So, I went to see Prometheus at the Curzon Soho last night. Alright film. I couldn’t shake the feeling however that sci-fi movies are becoming a tissue of texts that make them essentially indistinguishable from one another. This one seemed like a tangle of Blade Runner, Solaris, Avatar, Stark Trek and a bunch of other films I may have seen or perhaps just seen the trailers for. It seemed pretty derivative. The soundtrack at points was so similar to Daft Punk’s Tron Legacy score, I had to pinch myself to check that I wasn’t watching the same film again.
There seems to to be three basic sonic motifs in the film, the heroic French horn which accompanies poignant or hopeful / noble moments, the synrth driven aorchecstral electronica the accompanies the action sequences and the distorted deep bassoon / brass swell drones and other sonic motifs that prime us to some pullulating, rustling, slithering critter about to off one of the crew. Was pretty decent sound design overall though…
Another bugbear I have with sci fi movies is that aliens in general are always anthropomorphized in some way which is disappointing. I guess it would be hard for them not to be but the paucity of our imagination in visioneering beings that break the threshold of recognizability is exasperating. A muscle bound man with a greyish tinge and brow that extends into an exaggeratedly aquiline nose? Is that the best you can do?
In terms of the imagery, many of the Ridley Scott leitmotifs were in evidence: the use of the organic exoskeleton in the built environment (Art Nouveau influence here? ) placing striations ribbing and strutting on the interior of the alien realm as in Alien, and the close attention to detail and industrial design in the way the world is contructed. This included the impressive vaulting of the main masoleum like space with its cloud like patterned celing. I thought the control panel in the cavern where the alien sat to summon up the virtual cyclotron and orrery of planets was particularly impressive with sort of sort albumen like pods for the controls and complete with a throne like the interior carapace of a turtle’s shell. And of course there was the moist darkness dank, viscous, thick with hidden life and seeping danger and menace and slime as an index of something sinister and the pink polyp like entities that kill two of the crew in the main shrine room. This is all classic Ridley Scott but the plot did seem a bit Frankenstein like in the way it was stitched together.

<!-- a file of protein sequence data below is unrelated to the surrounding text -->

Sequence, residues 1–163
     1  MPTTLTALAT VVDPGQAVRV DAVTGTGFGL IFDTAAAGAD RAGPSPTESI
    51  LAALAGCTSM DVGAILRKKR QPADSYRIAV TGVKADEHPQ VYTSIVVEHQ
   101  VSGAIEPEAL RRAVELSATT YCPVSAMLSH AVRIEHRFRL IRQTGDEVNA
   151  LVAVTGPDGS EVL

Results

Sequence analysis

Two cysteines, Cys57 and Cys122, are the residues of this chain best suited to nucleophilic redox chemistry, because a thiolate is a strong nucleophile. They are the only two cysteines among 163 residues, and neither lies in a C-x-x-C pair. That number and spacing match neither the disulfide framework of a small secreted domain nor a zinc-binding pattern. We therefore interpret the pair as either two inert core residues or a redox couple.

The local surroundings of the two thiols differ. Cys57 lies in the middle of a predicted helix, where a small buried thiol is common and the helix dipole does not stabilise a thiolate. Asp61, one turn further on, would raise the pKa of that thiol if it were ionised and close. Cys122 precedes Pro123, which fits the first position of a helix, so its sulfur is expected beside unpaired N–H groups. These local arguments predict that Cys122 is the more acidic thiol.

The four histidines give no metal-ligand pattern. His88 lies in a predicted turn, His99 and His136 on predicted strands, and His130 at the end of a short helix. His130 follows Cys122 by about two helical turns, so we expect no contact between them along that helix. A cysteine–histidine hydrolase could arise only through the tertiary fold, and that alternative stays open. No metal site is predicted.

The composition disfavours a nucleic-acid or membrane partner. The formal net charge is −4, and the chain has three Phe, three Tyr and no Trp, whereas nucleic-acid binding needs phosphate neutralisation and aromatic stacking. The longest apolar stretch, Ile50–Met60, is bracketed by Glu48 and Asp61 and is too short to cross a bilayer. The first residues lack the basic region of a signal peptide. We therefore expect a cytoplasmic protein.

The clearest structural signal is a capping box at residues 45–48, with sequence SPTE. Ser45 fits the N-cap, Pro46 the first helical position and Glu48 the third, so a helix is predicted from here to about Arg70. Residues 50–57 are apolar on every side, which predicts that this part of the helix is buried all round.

The hatching of an alien seemed most like a plonky inter-textual citation and somewhat gratuitous in the context of a film ostensibly about the search for some sort of meaning in the universe. And the Alien references went deeper than that, the Ripley like female heroine, the tragic android figure mutilated at the end, and the ever present theme of birth, rebirth and gestation. What is it with Ridley Scott and the vaginal / uterine metaphors? Did he witness a miscarriage as a child? And after all an alien like creature emerges from the gory messy fight outside the operating theatre at the end. Are to see this film therefore as some sort of prologue to the Alien trilogy? Nothing is left clear and we are meant to believe that the female protagonist - who has just a touch of the Nordic Noir about her - is going to search the universe for these so Engineers for the rest of her days?
I did not pick up the parallels with the Prometheus story. Perhaps someone could enlighten me. He was bound in his coffin as per the Aeschylus play but at no point did anyone steal fire (was the oozing black substance held in the vases representing fire)? And none of the Engineers were ever seemingly punished for having helped humanity as was Prometheus bound to the rock for eternity. The start of the film did see the engineer at the start making some sort of rite or sacrifice and then being plunged into water where his DNA, presumably human DNA was revealed. This could have been construed as on behalf of humanity. It was all quite convoluted I thought rather than clear and obviously plot driven as was for example Avatar
Or did I just miss something crucial? It happens. Anyway, there were some great effects in the film, and despite some hammy acting, the plot was believable enough to keep me gripped. All in all, not a bad Saturday night’s entertainment and the set design was worth seeing, but certainly no classic – just part of the churn of Hollywood culture industry.